First, by way of introduction to this discussion, a key political economic question:
Is there any reason that virtually everyone in our country should not be provided with enough quality education and employment opportunities to allow them to:
a) purchase, rent or otherwise acquire what is today a median-priced home,
b) pay what is today median family expenditures for food, dentistry, child care, transportation and utilities
c) pay for basic medical/health care such as is now provided, by way of Medicare, to those over age 62.
And why is it that in some countries of northern Europe, a much larger percentage of the population has the ability to acquire these things than we do here in the USA? What sacrifices must they make to provide these benefits in their society, and wouldn't we be better off, as a society, and as individuals, if we had national policies, laws, and programs, that allowed us to do something very similar? And if not, why not?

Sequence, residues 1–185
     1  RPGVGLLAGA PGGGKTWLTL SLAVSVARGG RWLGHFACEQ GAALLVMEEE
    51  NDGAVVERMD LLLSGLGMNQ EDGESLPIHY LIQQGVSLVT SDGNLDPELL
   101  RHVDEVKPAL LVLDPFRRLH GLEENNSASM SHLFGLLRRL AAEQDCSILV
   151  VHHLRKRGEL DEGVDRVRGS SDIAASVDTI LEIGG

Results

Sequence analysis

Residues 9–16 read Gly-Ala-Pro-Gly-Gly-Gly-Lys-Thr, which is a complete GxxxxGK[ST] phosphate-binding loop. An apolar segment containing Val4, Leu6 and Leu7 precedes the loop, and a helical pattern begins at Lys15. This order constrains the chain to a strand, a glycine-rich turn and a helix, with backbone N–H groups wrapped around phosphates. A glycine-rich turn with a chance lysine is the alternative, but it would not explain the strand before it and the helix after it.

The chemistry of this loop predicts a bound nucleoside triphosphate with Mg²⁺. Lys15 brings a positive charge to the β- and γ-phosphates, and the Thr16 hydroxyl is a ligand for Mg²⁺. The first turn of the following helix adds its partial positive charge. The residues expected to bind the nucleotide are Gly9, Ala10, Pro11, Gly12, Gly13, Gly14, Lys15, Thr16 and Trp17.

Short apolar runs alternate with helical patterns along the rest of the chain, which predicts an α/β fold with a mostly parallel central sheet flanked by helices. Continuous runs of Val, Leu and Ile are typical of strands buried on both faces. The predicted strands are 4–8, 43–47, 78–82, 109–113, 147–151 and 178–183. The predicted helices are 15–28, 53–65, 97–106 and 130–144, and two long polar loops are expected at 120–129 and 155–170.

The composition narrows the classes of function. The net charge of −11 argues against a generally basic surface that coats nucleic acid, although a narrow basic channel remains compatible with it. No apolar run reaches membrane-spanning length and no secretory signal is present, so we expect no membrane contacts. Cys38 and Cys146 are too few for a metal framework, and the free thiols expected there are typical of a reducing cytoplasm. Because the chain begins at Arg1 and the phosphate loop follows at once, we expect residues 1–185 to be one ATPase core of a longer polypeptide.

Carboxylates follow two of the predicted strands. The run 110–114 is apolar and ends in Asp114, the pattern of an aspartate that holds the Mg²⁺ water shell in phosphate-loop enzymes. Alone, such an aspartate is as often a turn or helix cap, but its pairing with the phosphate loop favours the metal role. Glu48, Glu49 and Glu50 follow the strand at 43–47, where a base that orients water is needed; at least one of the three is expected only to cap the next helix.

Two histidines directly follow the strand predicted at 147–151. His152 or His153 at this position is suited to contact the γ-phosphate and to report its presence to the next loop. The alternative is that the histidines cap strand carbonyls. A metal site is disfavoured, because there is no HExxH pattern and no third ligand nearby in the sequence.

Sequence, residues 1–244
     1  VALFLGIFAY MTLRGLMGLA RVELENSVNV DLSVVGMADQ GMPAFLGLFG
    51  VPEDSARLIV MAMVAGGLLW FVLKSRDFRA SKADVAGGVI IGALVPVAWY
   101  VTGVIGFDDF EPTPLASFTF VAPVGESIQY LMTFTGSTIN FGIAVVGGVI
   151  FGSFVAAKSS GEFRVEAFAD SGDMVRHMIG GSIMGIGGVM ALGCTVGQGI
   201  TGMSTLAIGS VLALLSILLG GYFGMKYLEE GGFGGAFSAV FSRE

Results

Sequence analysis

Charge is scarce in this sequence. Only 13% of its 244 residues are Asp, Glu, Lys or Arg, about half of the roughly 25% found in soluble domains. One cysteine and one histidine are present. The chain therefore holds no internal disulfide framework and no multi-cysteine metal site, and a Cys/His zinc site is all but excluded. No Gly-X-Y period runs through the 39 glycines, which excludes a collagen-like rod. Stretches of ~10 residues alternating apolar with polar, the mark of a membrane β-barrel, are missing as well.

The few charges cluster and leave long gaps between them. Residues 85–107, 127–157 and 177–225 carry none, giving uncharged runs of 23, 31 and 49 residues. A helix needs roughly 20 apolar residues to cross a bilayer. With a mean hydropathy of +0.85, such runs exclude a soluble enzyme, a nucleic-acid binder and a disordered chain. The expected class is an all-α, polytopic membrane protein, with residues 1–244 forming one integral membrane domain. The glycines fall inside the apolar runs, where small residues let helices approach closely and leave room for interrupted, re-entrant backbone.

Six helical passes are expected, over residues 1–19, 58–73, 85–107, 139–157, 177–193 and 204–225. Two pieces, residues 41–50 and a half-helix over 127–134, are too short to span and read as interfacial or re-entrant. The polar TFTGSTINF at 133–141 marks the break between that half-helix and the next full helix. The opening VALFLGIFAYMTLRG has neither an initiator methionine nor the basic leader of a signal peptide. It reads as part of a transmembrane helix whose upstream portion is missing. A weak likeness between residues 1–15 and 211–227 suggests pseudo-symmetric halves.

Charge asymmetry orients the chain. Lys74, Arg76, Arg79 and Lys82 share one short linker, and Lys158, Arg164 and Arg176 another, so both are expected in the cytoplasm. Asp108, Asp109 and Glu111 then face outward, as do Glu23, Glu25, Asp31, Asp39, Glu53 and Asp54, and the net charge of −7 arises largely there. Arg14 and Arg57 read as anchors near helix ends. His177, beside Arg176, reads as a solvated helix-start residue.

In today's American economy, the only way we can even begin to provide enough employment for all the people who need jobs is to spend hundreds of billions of dollars every decade in the promotion/creation of wants for products and services most of which the vast majority of people would not buy unless they were surrounded by a 24/7 barrage of advertising, marketing efforts, as well as a culture that emphasizes the personal gratification and status that can be gained through consumption of these products and services.
What's so wrong with this existing system of work, want and consumption?
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